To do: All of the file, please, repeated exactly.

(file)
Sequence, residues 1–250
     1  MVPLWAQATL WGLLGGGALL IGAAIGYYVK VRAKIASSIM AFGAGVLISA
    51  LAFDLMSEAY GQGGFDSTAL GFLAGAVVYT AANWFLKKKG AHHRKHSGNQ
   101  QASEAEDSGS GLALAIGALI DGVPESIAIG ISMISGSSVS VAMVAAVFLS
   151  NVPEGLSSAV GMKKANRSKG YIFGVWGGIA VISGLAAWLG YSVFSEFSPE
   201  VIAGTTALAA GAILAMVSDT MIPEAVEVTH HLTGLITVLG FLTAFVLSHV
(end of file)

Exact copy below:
Sequence, residues 1–250
     1  MVPLWAQATL WGLLGGGALL IGAAIGYYVK VRAKIASSIM AFGAGVLISA
    51  LAFDLMSEAY GQGGFDSTAL GFLAGAVVYT AANWFLKKKG AHHRKHSGNQ
   101  QASEAEDSGS GLALAIGALI DGVPESIAIG ISMISGSSVS VAMVAAVFLS
   151  NVPEGLSSAV GMKKANRSKG YIFGVWGGIA VISGLAAWLG YSVFSEFSPE
   201  VIAGTTALAA GAILAMVSDT MIPEAVEVTH HLTGLITVLG FLTAFVLSHV